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UN-assisted refugee repatriation in South Sudan tops 100,000

UN-assisted refugee repatriation in South Sudan tops 100,000

Sudanese refugees returning home from Ethiopia
More than 100,000 people who fled the decades-long civil war in southern Sudan have returned home to restart their lives in a repatriation programme that began after the signing of a 2005 peace agreement, the United Nations refugee agency said today.

“The 100,000 milestone was passed this week as the pace of return convoys picked up from countries neighbouring South Sudan to get refugees home ahead of the rainy season in May, and for those who want to return for the national census on 5 to 30 April,” Ron Redmond, spokesman for the UN High Commissioner for Refugees announced in Geneva.

Mr. Redmond said that the agency is now helping some 4,500 refugees return each week to southern Sudan – an increase from 3,000 a fortnight ago. By mid-April that figure is expected to jump to 6,000 returnees a week as transport for returnees from Uganda and Ethiopia are increased.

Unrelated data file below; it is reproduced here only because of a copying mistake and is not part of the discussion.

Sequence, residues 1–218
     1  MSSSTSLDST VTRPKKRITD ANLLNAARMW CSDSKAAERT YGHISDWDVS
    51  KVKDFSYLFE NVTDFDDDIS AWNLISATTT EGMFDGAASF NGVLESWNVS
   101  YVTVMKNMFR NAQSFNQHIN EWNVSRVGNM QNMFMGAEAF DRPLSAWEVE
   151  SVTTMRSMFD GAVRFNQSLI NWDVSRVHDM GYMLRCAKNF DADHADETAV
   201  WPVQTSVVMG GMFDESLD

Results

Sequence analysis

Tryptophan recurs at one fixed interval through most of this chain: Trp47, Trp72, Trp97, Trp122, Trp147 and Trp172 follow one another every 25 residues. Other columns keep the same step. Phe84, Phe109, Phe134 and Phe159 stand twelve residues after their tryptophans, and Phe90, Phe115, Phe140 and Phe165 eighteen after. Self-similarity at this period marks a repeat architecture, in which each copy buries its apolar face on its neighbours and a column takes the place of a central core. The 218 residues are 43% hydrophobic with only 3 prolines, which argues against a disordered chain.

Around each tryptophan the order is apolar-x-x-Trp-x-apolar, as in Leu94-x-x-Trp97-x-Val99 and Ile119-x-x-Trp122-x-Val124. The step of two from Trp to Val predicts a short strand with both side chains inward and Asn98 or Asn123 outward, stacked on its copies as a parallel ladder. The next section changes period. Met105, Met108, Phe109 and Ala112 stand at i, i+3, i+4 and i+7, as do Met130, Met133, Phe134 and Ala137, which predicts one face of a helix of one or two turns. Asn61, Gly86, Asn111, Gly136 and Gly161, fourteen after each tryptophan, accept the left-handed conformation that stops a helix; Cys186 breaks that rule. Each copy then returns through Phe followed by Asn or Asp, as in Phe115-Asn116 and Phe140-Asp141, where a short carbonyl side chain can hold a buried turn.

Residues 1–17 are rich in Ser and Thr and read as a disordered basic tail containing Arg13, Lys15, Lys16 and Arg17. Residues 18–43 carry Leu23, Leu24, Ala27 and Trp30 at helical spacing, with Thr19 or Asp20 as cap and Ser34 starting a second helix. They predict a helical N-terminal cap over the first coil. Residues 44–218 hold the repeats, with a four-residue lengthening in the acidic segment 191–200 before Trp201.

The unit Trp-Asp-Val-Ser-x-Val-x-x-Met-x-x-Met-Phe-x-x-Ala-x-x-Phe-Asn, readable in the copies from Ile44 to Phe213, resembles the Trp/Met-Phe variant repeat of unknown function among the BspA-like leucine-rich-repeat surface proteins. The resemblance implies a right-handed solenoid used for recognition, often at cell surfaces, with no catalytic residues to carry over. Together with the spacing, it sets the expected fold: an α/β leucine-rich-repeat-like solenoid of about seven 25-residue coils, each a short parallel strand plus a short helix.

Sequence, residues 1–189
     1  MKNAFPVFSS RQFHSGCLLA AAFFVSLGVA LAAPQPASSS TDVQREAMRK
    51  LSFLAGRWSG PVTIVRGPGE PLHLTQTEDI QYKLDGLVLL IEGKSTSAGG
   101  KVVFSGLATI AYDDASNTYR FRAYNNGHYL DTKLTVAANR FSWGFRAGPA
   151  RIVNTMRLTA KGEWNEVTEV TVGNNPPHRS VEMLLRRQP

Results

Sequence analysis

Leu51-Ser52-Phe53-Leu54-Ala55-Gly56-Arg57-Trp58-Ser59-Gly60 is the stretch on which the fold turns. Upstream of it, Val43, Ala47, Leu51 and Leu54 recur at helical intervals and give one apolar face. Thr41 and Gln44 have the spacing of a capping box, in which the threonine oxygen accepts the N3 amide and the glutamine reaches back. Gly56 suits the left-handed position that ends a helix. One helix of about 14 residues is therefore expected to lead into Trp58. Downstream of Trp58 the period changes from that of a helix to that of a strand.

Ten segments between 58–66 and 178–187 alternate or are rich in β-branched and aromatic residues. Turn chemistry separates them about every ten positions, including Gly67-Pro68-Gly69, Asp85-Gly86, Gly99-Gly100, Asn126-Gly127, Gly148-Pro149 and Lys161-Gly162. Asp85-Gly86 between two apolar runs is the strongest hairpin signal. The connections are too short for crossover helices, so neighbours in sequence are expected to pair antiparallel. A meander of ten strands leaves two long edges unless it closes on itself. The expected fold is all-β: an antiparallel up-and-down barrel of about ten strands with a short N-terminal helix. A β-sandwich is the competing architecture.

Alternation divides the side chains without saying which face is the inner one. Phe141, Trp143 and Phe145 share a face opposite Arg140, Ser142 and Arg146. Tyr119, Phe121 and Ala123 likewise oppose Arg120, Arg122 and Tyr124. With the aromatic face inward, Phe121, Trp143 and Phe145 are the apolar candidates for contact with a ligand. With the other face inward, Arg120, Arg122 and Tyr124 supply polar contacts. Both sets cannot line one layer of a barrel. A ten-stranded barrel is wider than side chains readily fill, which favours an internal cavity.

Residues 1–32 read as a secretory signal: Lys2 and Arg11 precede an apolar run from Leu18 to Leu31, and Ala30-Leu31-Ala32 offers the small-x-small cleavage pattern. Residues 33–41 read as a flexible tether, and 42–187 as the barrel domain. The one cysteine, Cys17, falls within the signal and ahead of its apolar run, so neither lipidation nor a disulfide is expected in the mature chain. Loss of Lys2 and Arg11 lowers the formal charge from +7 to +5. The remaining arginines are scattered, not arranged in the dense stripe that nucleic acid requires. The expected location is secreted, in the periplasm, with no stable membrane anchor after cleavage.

The largest number of refugees is returning from Uganda, with some 2,700 returnees a week and more than 5,000 refugees have returned from Kakuma camp in Kenya this year, with another 2,000 expected to go home in April, according to UNHCR.

Returns from Ethiopia, now running at the rate of 1,200 returnees a week, are expected to result in the closure of two camps there.

A total of 251,000 refugees have returned to Sudan – 100,000 in organized programmes and the rest on their own – since the signing in January 2005 of the Comprehensive Peace Agreement (CPA), which ended the north-south civil war that killed as many as two million people and displaced 4.5 million others.

The return movements are being organized in collaboration with the International Organization for Migration (IOM), the German agency GTZ, refugee host governments and the Government of Southern Sudan.

In February, UNHCR launched an appeal for $63 million to fund its 2008 southern Sudan operations.